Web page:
Asclepius, one of Apollo's sons, was the Greek god of medicine, sharing with Apollo the epithet Paean (the Healer). Pilgrims flocked to the Asclepieia, his healing temples, where the physicians and attendants were known as the Therapeutae. Ritual purification would be followed by offerings or sacrifices to the god, and the supplicant would then spend the night in the holiest part of the sanctuary, the abaton, where the non-venemous snakes slithered around freely on the floor. Any dreams or visions would be reported to a priest who would interpret the dreams and prescribe the appropriate therapy. The rod of Asclepius, a snake-entwined staff, remains a symbol of medicine today. GB87700. Bronze AE 15, BMC Mysia p. 128, 155; SNG BnF 1828 ff., SNG Cop 370 ff.; SNGvA 1373; Waddington 7097, SGCV II 3968, VF, blue green patina, crowded flan, scratches, earthen deposits, weight 2.459 g, maximum diameter 14.8 mm, die axis 0o, Pergamon (Bergama, Turkey) mint, c. 133 - 16 B.C.; obverse laureate head of Asklepios right; reverse AΣKΛHΠIOY ΣΩTHPOΣ (to Asklepios the Savior), snake-encircled Asklepian staff; $90.00 (€76.50)
Sardes, Lydia, 2nd Century B.C.
Sardis was the capital of the ancient kingdom of Lydia, one of the important cities of the Persian Empire, the seat of a proconsul under the Roman Empire, and the metropolis of the province Lydia in later Roman and Byzantine times. Its importance was due first to its military strength, secondly to its situation on an important highway leading from the interior to the Aegean coast, and thirdly to its commanding the wide and fertile plain of the Hermus. As one of the Seven churches of Asia, it was addressed by John, the author of the Book of Revelation in the Holy Bible, in terms which seem to imply that its population was notoriously soft and fainthearted. Remains including the bath-gymnasium complex, synagogue and Byzantine shops are open to visitors year-round.GB85236. Orichalcum AE 17, cf. SNG Cop 470 ff.; BMC Lydia p. 238, 10 ff.; SNGvA 3125 f. (all refs. various monograms, none the same), VF, nicely centered, adjustment marks, a little rough, weight 3.811 g, maximum diameter 17.3 mm, die axis 135o, Sardes (Sart, Turkey) mint, 2nd century B.C.; obverse laureate head of Apollo right; reverse club, ΣAP∆I/ANΩN divided in two lines above and below, all in oak-wreath tied on the left and closed with a vΠK monogram on the right; $80.00 (€68.00)
Pergamon, Mysia, c. 2nd Century B.C.
Pergamon, Mysia was located to the northwest of the modern city of Bergama, Turkey, 16 miles (26 km) from the Aegean Sea on a promontory on the northside of the Caicus (Bakircay) River. It was the capital of the Kingdom of Pergamon under the Attalid dynasty, 281-133 B.C. Pergamon is cited in the book of Revelation as one of the seven churches of Asia. GB87748. Bronze AE 16, SNG BnF 1885 ff.; SNG Tüb 2429; SNG Cop 396; BMC Mysia p. 131, 179 var. (monogram), SNGvA 1374 var. (same), aVF, green patina, tight flan, porous, light earthen deposits, weight 6.640 g, maximum diameter 16.1 mm, die axis 0o, Pergamon (Bergama, Turkey) mint, c. 2nd century B.C.; obverse helmeted head of Athena right; reverse AΘHNAΣ NIKHΦOPOY, trophy of captured arms, ΘA monogram inner left, Pergamonmonogram lower right; $60.00 (€51.00)
Pergamon, Mysia, c. 310 - 282 B.C.
Pergamon, Mysia was located to the northwest of the modern city of Bergama, Turkey, 16 miles (26 km) from the Aegean Sea on a promontory on the northside of the Caicus (Bakircay) River. It was the capital of the Kingdom of Pergamon under the Attalid dynasty, 281-133 B.C. Pergamon is cited in the book of Revelation as one of the seven churches of Asia.GB83706. Bronze AE 11, BMC Mysia p. 112, 24 - 25; SNG BnF 1587; SNG Cop 325; SGCV II 3959, F, green patina, tight flan, corrosion, weight 1.018 g, maximum diameter 10.6 mm, die axis 0o, Pergamon (Bergama, Turkey) mint, c. 310 - 282 B.C.; obverse helmeted head of Athena right; reverse two stars, each with six rays and a central pellet, Θ above, ΠEPΓ below; $40.00 (€34.00)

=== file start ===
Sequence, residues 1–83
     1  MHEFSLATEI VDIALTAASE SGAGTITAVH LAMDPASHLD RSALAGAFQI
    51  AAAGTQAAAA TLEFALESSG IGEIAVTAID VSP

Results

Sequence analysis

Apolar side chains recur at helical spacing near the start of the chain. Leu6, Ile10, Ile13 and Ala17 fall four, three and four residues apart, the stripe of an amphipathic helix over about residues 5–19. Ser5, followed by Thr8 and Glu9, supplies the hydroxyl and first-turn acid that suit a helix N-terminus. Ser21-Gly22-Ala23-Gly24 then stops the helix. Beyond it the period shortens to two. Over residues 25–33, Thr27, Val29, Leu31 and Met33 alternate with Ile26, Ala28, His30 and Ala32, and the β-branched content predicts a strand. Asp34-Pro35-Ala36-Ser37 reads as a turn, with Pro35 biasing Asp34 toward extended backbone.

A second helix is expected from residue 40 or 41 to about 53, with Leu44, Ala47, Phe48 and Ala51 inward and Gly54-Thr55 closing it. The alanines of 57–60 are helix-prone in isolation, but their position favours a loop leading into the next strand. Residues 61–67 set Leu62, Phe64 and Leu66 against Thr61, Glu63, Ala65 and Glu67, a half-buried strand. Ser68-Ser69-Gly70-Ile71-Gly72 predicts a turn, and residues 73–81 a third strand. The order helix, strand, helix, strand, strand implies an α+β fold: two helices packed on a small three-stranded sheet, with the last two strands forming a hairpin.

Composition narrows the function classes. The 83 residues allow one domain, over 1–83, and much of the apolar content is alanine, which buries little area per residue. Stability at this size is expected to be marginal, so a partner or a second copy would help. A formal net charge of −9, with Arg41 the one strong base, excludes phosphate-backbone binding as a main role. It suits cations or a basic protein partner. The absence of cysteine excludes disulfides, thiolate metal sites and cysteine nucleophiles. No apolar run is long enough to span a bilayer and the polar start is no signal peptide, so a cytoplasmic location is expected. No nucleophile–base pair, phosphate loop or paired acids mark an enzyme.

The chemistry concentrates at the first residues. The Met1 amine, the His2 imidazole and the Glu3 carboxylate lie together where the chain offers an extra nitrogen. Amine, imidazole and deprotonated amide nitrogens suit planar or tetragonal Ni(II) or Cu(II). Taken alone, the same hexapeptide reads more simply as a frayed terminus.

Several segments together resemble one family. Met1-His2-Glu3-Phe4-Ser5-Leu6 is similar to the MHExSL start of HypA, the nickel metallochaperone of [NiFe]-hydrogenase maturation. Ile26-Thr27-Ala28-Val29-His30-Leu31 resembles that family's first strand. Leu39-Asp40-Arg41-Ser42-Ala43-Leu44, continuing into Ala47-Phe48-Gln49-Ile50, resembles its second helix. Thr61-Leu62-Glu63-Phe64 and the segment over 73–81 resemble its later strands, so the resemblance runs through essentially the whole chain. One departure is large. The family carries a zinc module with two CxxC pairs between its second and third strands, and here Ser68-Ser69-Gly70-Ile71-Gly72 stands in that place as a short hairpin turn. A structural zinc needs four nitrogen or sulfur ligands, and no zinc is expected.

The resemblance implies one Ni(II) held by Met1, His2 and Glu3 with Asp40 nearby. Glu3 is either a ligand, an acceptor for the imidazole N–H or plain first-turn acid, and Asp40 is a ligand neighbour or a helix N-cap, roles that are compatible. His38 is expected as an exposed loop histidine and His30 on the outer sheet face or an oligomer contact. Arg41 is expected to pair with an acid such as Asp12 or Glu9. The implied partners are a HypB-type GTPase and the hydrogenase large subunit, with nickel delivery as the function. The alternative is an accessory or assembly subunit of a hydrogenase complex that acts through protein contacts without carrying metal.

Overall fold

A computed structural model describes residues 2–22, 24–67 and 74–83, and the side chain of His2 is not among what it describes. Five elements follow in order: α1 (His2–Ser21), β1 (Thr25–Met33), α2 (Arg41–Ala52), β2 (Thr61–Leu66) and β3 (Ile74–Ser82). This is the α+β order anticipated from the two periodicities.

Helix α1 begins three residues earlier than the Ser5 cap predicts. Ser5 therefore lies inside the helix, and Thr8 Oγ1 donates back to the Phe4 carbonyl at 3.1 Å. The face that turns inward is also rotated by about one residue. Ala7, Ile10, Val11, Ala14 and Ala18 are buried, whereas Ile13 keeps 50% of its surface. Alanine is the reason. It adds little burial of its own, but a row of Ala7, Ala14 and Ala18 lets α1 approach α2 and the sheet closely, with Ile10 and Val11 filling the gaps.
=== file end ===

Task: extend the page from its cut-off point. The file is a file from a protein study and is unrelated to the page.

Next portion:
Seleukid Kingdom, Antiochus II Theos, 261 - 246 B.C.
The kithara (cithara) was an ancient stringed musical instrument resembling the lyre. The lyre was a simpler folk-instrument with two strings and tortoise shell body. The kithara had seven strings and a flat back. A symbol of Apollo, who was credited with inventing it, the Kithara's origins were likely Asiatic. The kithara was primarily used by professional musicians, called kitharodes. In modern Greek, the word kithara has come to mean "guitar."GB76831. Bronze AE 14, Houghton-Lorber 528, SNG Spaer 365, HGC 9 278, VF, desert patina, weight 2.492 g, maximum diameter 14.3 mm, die axis 180o, Lydia, Sardes (Sart, Turkey) mint, 261 - 246 B.C.; obverse laureate head of Apollo right, spiral curls down neck; reversekithara, BAΣIΛEΩΣ downward on right, ANTIOXOY downward on left, anchor flukes right in exergue, control symbols outer right and left; $36.00 (€30.60)
Other coins that relate to the Book of Revelation include coins of Nero and coins of the Parthian kings with an archer reverse. Verses 13 and following are a symbolic reference to Parthians attacking Rome for its vile behavior in persecuting Christ's church. Parthians themselves aren't envisioned as doing the attacking, but the serve as a great image for the diabolical forces Revelation's author had in mind. Suetonius, in The Twelve Caesars, writes of a belief among the Romans after Nero's death that he hadn't really died but would be returning with the Parthians. Nero has been identified as the 666 of Revelation (his name in gematria equals 666). Verse 8 refers to the Parthians long hair, "They had hair like woman's hair." Verse 10 includes a subtle reference to Parthian archer-horseman and their perfected technique of the parting shots, shooting over the rear of their animal while feigning retreat, "They had tails like scorpions, with stingers." Verse 14 refers to the Parthian heartland across the Euphrates.
Catalog current as of Tuesday, November 20, 2018. Page created in 1.33 seconds.